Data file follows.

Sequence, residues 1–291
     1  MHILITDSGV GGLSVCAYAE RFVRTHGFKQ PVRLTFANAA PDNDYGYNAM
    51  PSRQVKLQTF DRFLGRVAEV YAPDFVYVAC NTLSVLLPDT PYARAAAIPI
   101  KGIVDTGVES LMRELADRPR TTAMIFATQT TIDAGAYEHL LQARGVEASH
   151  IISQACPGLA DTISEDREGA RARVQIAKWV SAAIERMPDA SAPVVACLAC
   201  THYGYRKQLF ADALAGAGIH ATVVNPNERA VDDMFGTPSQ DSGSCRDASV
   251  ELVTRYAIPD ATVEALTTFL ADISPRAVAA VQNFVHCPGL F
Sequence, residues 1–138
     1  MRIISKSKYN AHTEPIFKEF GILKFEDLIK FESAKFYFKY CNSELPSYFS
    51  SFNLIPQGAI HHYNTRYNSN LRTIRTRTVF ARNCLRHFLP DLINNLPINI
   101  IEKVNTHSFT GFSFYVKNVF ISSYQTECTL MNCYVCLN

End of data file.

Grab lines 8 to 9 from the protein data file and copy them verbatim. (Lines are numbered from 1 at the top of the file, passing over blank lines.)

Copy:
Sequence, residues 1–138
     1  MRIISKSKYN AHTEPIFKEF GILKFEDLIK FESAKFYFKY CNSELPSYFS